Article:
Pratt & Whitney on Thursday said that the cash-strapped Go Airlines (India) did not have rights over engines supplied by the American aerospace company. The development comes amidst the ongoing legal tussle between Go First and Pratt & Whitney over the supply of engines.
During a Delaware court hearing, Pratt and Whitney reportedly said that the engine maker does not have engines available to be sent to the beleaguered airline as the leases have been terminated and Go First has no rights on the engines. In response to the statement made by Pratt & Whitney, Go First said that under the Indian bankruptcy law, repossession of planes by any lessor gets frozen, and hence the airline continues to have rights over the engine.
Earlier this month, the beleaguered airline cancelled all flight operations and filed for bankruptcy with the National Company Law Tribunal (NCLT), citing that Pratt & Whitney failed to provide engines despite several assurances, leading to the grounding of close to 50% of the airline's A320 neo fleet. As a consequence of which, the airline has lost a whopping amount of ₹10,800 crore in revenues and additional expenses. Pratt & Whitney has vehemently denied the allegations by Go First stating that the cash-entrapped airline has a 'lengthy history of missing' its financial obligations to the engine maker.
Following this, Go First approached the Delaware Court to enforce an earlier order by the Singapore International Arbitration Centre (SIAC), which directed Pratt & Whitney to release and dispatch without delay at least 10 serviceable spare leased engines to Go First by April 27, 2023, and a further 10 spare leased engines per month until December 2023.
On May 10, NCLT, while admitting Go First's plea for voluntary insolvency, granted the airline protection under moratorium from the recovery of its planes by foreign lessors. The tribunal has ordered the initiation of a Corporate Insolvency Resolution Process (CIRP) and the appointment of a resolution professional, who will maintain the airline's status as a "going concern". Further, the airline is mandated to deposit ₹5 crore with the resolution professional to meet the expenses.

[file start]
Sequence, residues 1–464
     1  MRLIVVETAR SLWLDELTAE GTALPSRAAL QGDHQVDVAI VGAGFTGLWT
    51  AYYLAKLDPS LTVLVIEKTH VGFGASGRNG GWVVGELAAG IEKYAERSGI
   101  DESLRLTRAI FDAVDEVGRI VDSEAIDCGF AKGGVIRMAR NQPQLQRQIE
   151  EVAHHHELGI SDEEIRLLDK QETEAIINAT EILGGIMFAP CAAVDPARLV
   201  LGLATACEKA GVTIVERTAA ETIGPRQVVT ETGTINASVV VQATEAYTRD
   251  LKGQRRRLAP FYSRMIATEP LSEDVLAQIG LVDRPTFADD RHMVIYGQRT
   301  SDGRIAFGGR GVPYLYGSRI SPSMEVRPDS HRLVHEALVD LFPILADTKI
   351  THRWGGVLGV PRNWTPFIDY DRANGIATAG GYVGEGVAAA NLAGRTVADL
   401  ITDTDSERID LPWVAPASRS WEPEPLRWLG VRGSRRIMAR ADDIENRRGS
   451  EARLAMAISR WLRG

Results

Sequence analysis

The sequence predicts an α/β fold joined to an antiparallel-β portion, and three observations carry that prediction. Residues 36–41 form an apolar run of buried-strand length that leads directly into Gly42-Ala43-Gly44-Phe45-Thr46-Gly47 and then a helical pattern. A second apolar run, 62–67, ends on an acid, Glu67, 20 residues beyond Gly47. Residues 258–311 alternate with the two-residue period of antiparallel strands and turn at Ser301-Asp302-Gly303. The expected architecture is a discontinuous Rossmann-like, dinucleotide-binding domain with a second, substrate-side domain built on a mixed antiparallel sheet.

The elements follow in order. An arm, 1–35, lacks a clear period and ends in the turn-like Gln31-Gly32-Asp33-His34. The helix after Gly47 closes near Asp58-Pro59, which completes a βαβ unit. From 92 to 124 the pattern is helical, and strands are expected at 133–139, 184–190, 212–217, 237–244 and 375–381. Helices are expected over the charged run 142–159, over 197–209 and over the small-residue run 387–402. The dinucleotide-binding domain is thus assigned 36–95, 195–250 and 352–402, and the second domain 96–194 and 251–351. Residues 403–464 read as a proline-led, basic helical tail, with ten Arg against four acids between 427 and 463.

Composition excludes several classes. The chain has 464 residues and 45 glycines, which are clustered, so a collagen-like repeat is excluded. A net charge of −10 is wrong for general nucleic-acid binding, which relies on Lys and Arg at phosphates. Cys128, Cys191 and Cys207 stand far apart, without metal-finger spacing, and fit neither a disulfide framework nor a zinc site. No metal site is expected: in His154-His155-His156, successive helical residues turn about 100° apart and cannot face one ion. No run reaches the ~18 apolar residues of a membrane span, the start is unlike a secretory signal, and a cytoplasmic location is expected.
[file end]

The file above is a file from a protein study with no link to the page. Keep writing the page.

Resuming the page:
This week, the National Company Law Appellate Tribunal (NCLAT) upheld the initiation of insolvency proceedings against the low-cost carrier, after Go First’s lessors such as SMBC Aviation Capital Ltd, GY Aviation and SFV Aircraft Holdings approached the appellate tribunal against the NCLT's insolvency order.
Earlier this week, Go First also informed the country’s aviation watchdog, the Directorate General of Civil Aviation (DGCA) that the airline does not have a definite timeline for the resumption of flights. However, the airline has "expressed an intent to resume flight operations at the earliest."
DGCA has asked Go First to submit a complete restructuring plan to resume its operations. According to reports, DGCA has asked Go First to submit the plan in the next 30 days. The airline is expected to submit all the operational details such as the number of functioning aircraft, and details regarding employees including pilots, maintenance, and funding arrangements.
Go First has cancelled its flight operations until May 28.
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